While in Australia, Prince William and Kate Middleton reportedly spent the night glamping—camping the luxurious, or in their case, royal way.
The Duke and Duchess of Cambridge were said to have stayed in Longitude 131° in Central Australia which has a picturesque view of the Uluru-Kata Tjuta National Park, a Unesco world heritage site.
A quick search showed that a minimum two-night stay at the five-star luxury campsite costs from A$1,100 (P45,215) to A$1,800 (P74,000).
The reason for its astronomical price tag: It’s a five-star campsite with hotel-like features and amenities.
Glamping, a portmanteau of the words glamorous and camping, is the latest outdoor trend steadily gaining popularity worldwide and attracting a market bent on enjoying the great outdoors without the fuss.
One known local glamping destination is Sumilon Island in the Visayas. Though still a bit pricey, it’s relatively cheaper than its Australian counterpart.
So, is glamping just for the select few? Not necessarily. Anyone with the needed equipment can go glamping with family and friends.
Recently, outdoor brand Coleman launched in Manila a range of products so prospective glampers can enjoy a luxurious campout sans the stress of setting up a campsite and burning a hole in the pocket.
The launch was the first in Southeast Asia as the country is Coleman’s biggest and most active market in the region.
“The Philippines contributes about 40 percent of our sales in Southeast Asia,” said Coleman Southeast Asia general manager Jaime Lau.
Lau observed that for the past four years, a good number of Southeast Asians are immersing themselves in outdoor activities.
However, she observed that the current camping scene in the region is more inclined toward the rough set— with campers living on “refugee” food, dealing with the lack of sanitary facilities and staying in poorly maintained campsites with small tents that deprive them of sound sleep.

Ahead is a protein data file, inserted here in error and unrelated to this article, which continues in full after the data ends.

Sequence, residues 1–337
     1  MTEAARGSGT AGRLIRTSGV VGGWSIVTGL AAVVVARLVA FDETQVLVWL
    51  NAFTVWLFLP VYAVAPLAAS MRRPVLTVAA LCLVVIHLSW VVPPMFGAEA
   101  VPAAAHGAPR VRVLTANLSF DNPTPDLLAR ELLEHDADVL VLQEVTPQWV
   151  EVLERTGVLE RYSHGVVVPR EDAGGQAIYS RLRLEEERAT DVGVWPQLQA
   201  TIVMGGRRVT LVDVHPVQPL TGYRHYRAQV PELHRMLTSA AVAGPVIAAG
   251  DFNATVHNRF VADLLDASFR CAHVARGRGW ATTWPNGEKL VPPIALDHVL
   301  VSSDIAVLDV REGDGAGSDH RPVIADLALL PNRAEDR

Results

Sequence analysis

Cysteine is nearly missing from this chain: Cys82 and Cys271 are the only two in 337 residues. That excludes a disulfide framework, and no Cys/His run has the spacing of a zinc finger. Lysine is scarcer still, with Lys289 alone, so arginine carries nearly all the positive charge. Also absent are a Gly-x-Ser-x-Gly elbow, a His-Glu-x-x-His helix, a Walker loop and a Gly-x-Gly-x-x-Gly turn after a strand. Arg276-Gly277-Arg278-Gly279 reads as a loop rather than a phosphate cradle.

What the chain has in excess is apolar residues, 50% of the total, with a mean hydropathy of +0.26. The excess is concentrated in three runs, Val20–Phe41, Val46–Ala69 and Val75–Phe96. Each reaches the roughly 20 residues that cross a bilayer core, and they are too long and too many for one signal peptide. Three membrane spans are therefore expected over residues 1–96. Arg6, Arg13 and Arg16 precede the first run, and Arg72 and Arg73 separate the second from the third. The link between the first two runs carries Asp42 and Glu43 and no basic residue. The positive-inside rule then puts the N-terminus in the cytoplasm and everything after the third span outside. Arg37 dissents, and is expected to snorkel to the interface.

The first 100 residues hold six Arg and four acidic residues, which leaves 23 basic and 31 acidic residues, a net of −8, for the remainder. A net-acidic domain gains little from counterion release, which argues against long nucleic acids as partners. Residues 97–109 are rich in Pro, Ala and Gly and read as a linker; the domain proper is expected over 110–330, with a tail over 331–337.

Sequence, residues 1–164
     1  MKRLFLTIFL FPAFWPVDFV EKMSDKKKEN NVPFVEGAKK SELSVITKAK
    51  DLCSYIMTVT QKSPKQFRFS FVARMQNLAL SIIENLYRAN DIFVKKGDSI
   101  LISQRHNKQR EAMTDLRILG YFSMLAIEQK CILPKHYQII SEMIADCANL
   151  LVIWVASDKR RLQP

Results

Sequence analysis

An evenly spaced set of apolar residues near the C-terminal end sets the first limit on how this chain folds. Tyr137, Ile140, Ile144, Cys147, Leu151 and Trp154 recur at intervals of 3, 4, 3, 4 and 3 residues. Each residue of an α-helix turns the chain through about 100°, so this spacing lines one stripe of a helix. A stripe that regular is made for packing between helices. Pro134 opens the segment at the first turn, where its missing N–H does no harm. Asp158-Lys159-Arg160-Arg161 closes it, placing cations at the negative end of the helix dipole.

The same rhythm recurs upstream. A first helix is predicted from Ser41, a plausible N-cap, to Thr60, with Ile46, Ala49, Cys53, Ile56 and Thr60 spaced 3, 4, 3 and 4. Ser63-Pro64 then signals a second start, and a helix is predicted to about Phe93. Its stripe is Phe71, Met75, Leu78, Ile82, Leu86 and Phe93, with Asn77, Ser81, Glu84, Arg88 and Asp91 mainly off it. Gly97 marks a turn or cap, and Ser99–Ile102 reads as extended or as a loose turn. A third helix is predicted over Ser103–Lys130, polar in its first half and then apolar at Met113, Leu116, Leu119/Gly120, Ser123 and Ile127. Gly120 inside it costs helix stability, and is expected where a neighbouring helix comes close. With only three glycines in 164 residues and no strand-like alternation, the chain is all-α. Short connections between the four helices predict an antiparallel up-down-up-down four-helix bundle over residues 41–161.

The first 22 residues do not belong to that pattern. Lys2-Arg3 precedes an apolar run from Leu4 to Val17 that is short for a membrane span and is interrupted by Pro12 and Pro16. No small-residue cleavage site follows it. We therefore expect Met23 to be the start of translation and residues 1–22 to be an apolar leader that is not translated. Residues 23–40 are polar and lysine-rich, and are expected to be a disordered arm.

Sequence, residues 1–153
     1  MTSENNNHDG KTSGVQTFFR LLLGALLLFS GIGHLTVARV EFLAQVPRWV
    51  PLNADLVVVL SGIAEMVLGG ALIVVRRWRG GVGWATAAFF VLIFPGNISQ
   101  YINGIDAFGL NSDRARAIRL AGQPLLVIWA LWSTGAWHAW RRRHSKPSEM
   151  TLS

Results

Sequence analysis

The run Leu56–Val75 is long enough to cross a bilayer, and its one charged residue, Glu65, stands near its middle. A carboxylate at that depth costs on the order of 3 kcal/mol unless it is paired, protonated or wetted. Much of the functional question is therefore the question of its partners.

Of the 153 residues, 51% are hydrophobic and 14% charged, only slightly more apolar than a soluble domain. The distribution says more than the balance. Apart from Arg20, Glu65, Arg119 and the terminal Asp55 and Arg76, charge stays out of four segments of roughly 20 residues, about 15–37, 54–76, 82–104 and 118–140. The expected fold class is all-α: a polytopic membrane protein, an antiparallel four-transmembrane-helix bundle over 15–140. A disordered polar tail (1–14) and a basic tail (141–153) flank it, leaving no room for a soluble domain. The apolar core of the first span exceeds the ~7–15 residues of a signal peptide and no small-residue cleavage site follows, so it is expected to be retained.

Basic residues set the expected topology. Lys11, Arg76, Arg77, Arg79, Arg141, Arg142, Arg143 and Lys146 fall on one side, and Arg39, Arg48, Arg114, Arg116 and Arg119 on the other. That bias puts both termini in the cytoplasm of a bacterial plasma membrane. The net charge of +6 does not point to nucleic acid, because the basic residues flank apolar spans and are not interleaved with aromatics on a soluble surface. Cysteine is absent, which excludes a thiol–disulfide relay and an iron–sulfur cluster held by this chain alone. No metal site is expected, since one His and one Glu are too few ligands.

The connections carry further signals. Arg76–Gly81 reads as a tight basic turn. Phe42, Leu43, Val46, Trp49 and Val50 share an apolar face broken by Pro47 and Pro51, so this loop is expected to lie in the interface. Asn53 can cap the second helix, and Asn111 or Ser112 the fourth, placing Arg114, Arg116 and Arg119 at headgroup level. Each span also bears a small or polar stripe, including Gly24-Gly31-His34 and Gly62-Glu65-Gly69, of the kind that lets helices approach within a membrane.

“It’s an opportunity for us to introduce the Western-style of camping—relaxed and comfortable,” she said. “Our region can now afford these little luxuries. It’s time to do things differently.”
Apart from improving the condition of camping in the region, Lau added that glamping is targeted toward distinct markets—families, fashionistas and even seasoned campers.
Families can enjoy more time bonding than setting up their equipment with the Five-Minute Campsite composed of an easy-to-assemble tent, shade, lounger cot, table picnic set and grill.
Fashionistas who want to enjoy the outdoors but don’t want to stay overnight can indulge in the Chill Out set.
Lightweight and easy to set up, the Chill Out is composed of a shade, mini table picnic set, low lounging laidback chair, hammock and portable barbecue bucket.
Seasoned campers meanwhile, can up their game with the Absolute Getaway set that has the same features as the Five-Minute Campsite but with bigger tents.
Add to that the Party Shade which can be turned into a sleep-in spacious cabin tent. Topping it off is the Instant Up Shower Tent—with portable shower and toilet.
“As our society improves, our quality of life deteriorates because of urbanization. That’s why we see the need for people to go outdoors and have real human interaction,” Lau said.
As of now, Coleman assistant brand manager Quenie Ganancial said that there are limited areas for glamping. (One possible area is Clearwater Resort and Country Club in Clark, Pampanga, where Coleman will be spearheading a glamping event on May 24 and 25.)
Not to worry, though, since as long as the chosen glamp area is accessible to vehicles, spacious and not high up in the mountains, you can camp the glamorous way.